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Courage Award

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Proudly sponsored by Medtronic

Recovering from stroke can be an uphill battle. The Courage Award recognises the indomitable courage and hope shown by survivors and carers in facing stroke recovery. This category is open to survivors and carers and celebrates individual recovery and resilience.

Courage Award Winner & Finalists

Tracey Gibb - Winner

How did a stroke change your life initially, and what medical treatment and rehabilitation have you had?

It changed my life, dramatically. I lost my friends, my dreams of having a family of my own had been taken away from me and I lost my boyfriend and any chance of getting married. I didn't get any treatment or rehabilitation.

Who has been there to help you through your stroke journey?

Mostly my mum and family.

How has stroke changed your life and where are you now on your stroke journey?

They did change my life, in a massive way, but I am slowly getting back more of me and my life. Sure, I am still in this chair, and I am still locked in my body, but hey, I am alive. I have been given a 2nd chance. I have moved out of Highgate Park (formally known as Julia Farr), and into a house shared with another lady. However, I have decided that sharing isn’t for me and I am looking at moving out into my own city apartment. I now have a casual job at Scope Global, where I am part of a team with just disabled people, called Maven. I am getting back my independence and loving it. I haven’t given up on getting unlocked from my body, I’ll never give up on this.

What advice would you give a stroke survivor or someone that has recently suffered a stroke?

I have learnt since my stroke, never say never, never give up on your dreams, and what you believe too, be true to your heart. Also, get rid of all negative people who are in your life, they will just drag you down. Even though it will hurt, this is your life.

Tracey Anne Farnsworth

How did a stroke change your life initially, and what medical treatment and rehabilitation have you had?

I have had two strokes. First in 2012 and the following in 2016. A stroke is completely life changing from the moment it happens. Initially talking and walking was off the table. And my right side was in a world of its own. I remember my Father and husband at the hospital, along with a physiotherapist trying to get my right side to walk. I took as many walks as I could around the ward with my Dad on one side and my husband on the other. I got there in the end. I needed my independence and that included getting from A to B. Talking, brain function, emotional blocking, thinking and a right side that didn’t work were all things that were different in life. I was treated at Epworth, Richmond and the services they provided medically and in rehab was life changing. I spent the first 6 weeks in hospital and then continued outpatient rehab for one year.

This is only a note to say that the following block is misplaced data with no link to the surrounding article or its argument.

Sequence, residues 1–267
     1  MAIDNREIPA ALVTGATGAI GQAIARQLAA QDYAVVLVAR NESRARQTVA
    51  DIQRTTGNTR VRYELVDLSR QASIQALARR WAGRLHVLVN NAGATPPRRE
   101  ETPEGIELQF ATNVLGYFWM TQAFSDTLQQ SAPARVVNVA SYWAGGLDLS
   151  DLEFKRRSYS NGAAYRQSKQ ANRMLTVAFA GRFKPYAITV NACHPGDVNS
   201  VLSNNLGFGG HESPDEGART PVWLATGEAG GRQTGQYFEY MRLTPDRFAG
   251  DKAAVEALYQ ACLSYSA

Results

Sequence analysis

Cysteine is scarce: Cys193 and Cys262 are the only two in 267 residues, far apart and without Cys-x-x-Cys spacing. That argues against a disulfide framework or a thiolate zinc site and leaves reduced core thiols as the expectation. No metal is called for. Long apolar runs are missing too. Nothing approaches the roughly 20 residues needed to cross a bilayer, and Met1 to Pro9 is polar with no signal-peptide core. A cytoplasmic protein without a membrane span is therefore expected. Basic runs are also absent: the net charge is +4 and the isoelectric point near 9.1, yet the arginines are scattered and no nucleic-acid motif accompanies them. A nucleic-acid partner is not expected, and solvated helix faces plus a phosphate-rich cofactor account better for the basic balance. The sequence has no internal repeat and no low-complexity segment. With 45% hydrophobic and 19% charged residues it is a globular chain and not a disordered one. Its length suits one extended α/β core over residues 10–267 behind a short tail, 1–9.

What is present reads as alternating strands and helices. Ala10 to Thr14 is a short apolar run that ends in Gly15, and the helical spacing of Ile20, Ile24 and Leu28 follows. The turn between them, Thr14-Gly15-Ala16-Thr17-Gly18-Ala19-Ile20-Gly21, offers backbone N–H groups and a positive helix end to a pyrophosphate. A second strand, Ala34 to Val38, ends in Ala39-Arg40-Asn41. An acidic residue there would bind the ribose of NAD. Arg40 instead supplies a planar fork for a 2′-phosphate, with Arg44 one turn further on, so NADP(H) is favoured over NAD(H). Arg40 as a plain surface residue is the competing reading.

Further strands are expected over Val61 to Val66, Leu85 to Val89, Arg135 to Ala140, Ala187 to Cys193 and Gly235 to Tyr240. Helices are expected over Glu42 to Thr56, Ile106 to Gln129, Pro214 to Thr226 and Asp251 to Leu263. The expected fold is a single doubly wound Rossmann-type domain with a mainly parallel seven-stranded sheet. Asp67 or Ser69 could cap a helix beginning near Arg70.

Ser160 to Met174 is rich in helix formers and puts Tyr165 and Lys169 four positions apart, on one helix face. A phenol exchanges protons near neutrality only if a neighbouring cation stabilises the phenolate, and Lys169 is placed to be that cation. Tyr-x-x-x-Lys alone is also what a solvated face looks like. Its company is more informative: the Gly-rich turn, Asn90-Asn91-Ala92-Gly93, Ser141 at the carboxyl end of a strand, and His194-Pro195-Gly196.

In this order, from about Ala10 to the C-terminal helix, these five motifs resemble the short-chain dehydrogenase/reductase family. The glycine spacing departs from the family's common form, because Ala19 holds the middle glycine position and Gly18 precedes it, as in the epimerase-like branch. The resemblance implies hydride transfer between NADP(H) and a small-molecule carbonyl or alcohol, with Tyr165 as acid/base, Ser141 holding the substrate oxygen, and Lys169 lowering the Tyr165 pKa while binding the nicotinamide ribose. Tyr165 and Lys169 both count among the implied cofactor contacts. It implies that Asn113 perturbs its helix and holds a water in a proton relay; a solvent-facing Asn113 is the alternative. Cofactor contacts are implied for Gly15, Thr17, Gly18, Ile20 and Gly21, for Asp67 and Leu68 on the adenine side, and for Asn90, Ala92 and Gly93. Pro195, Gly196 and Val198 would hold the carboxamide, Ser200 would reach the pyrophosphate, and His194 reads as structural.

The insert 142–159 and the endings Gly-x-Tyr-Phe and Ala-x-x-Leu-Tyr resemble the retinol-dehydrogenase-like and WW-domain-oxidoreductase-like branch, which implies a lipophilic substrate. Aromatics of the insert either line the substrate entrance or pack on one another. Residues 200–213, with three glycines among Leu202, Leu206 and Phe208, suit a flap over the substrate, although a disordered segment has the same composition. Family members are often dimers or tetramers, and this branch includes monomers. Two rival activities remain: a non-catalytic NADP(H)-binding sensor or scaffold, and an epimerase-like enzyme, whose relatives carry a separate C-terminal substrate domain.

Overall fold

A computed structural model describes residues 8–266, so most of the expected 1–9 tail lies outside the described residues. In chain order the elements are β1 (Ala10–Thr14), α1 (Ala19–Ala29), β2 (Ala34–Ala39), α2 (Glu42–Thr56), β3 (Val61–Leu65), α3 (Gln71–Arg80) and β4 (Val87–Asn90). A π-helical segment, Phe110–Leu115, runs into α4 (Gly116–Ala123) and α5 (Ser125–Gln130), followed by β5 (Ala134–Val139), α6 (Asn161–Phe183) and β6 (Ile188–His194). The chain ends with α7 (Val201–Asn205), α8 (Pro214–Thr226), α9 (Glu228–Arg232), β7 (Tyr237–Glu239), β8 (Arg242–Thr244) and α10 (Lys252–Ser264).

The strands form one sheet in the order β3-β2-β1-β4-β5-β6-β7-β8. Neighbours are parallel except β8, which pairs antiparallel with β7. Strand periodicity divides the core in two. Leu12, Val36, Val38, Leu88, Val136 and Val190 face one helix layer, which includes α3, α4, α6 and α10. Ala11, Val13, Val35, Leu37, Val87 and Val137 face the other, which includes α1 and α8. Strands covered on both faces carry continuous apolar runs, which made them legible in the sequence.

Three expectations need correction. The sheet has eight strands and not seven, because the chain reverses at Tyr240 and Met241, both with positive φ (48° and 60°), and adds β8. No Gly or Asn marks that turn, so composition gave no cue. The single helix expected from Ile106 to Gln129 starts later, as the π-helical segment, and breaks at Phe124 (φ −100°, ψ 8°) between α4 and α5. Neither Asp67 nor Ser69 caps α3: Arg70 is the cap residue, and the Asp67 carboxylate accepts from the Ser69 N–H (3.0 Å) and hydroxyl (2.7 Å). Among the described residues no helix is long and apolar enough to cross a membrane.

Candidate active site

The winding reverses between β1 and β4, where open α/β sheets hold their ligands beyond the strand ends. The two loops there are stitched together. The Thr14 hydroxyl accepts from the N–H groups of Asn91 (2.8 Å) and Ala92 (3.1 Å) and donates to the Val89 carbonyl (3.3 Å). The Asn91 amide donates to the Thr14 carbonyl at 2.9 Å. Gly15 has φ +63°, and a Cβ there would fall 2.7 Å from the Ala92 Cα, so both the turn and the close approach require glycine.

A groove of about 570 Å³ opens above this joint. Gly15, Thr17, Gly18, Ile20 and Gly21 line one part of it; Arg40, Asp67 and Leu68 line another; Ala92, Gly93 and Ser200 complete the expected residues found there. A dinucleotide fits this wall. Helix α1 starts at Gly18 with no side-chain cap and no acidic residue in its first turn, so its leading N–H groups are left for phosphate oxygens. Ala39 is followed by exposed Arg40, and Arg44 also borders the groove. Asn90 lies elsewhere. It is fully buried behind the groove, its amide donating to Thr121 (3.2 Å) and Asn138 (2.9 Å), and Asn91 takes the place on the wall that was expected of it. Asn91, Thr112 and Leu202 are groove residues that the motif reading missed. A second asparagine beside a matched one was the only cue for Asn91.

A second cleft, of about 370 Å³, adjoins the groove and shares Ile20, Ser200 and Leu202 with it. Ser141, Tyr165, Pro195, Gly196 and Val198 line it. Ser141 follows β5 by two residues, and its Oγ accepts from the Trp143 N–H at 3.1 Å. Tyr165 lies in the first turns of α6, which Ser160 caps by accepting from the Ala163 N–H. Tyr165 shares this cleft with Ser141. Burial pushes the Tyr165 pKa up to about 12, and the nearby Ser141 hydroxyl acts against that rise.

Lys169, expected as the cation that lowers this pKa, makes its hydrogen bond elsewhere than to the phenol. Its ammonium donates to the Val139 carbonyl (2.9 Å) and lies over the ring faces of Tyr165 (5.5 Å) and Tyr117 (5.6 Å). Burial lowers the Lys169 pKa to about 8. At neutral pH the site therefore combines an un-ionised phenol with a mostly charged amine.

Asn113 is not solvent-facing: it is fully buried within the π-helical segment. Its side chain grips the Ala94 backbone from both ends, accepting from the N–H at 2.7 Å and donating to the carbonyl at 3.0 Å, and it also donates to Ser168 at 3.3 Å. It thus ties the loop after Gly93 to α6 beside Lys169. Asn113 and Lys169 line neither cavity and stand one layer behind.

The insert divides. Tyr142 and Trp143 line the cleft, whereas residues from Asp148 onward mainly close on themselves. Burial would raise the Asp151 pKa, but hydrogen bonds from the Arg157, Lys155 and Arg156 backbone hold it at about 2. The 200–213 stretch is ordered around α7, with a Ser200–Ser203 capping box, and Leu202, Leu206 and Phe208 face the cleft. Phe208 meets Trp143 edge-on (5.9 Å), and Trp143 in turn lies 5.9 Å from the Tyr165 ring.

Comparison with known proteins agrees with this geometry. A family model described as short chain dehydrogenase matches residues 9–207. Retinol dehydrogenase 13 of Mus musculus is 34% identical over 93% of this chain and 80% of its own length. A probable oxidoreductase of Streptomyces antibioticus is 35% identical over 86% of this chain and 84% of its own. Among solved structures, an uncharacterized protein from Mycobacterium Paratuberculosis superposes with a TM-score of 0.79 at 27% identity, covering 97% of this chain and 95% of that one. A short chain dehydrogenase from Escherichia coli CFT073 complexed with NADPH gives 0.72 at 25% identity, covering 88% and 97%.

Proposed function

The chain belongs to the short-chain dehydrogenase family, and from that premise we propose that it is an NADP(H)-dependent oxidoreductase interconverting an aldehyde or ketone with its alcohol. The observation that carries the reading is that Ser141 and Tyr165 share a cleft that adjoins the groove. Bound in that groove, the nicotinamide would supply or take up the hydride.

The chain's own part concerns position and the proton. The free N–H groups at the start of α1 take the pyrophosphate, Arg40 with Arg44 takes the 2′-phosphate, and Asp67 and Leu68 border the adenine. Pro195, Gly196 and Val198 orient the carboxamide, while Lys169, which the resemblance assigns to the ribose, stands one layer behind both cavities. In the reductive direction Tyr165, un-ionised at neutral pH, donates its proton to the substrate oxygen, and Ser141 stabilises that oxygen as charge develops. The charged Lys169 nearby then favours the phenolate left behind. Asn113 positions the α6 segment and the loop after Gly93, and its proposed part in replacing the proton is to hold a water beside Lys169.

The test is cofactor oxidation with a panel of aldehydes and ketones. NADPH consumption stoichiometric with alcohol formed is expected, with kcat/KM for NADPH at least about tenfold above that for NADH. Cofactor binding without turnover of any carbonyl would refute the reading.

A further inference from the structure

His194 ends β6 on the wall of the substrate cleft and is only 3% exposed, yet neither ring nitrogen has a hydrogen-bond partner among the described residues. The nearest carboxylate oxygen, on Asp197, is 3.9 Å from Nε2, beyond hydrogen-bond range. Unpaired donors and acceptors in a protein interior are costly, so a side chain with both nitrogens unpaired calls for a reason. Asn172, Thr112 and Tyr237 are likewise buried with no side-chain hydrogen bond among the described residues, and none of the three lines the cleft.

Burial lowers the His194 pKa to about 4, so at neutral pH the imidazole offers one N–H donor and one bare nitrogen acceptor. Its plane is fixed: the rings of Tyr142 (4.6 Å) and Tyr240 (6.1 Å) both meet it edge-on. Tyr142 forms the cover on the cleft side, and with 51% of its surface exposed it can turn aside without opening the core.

Who has been there to help you through your stroke journey?

I’ve had the most supportive husband through my entire stroke journeys. Matthew has been the rock for me. No matter what I’ve thrown at him in 20 years of marriage, he is still my number one supporter. I’ve also had the support of one of my amazing dogs. Alfie is a Maltese x shit zhu and from the first day he visited and sat on my lap in a wheelchair, we have been inseparable. Without Matthew and Alfie, things may have been very different.

How has stroke changed your life and where are you now on your stroke journey?

Stroke changes you. Inside and out, you become someone that is a different to normal. You teach yourself things to help you cope with any deficits you may have. I got to reinvent myself and now I have a charity in Vanuatu that keeps my mind occupied. Returning to my normal vocation wasn’t an option, so I’ve been lucky enough to follow my passion to help less fortunate children. My journey has brought me to my new normal, my new me! I don’t need to look back because I look in front to where I’m going.

What advice would you give a stroke survivor or someone that has recently suffered a stroke?

Give yourself a break, it’s always tough at the start, but don’t give up. Work hard early to regain you... some things will take time to come back, but celebrate the small wins.

Rebecca Carbone

Rebecca

How did a stroke change your life initially, and what medical treatment and rehabilitation have you had?

My stroke journey is an unusual one!

In 2014 a couple of small strokes were investigated and lead to the discovery of a tennis ball size brain tumour in the Cerebellum/Brain Stem area. Surgery was quickly organized.

Initially, the resection was successful. During the night, I suffered a hemorrhage in the same area. I was rushed into emergency surgery early the next morning. My prognosis was grim. I wasn’t expected to survive. Against all odds I woke up the following morning. I had lost absolutely everything. Every gross and fine motor skill. My speech. My vision (temporarily). My hair. I was like a vegetable.

My parents were advised by the neurology team to have me permanently placed in a nursing home with 24 hour care. Despite several neurological assessments (conducted by multiple hospitals) concluding there was no likelihood of recovery, my family refused. I was eventually admitted to the state head injury unit. Ironically, this same unit had assessed me as unable to be rehabilitated.

I have spent the past five years intensive rehabilitation including physiotherapy, occupational therapy, speech therapy, and counselling – all of which I continue to this day. I practice mindfulness and meditate daily, avoid stress at all costs, and maintain a positive attitude. Frequent visualisation of my rehabilitation goals has been – and still is – crucial to my success.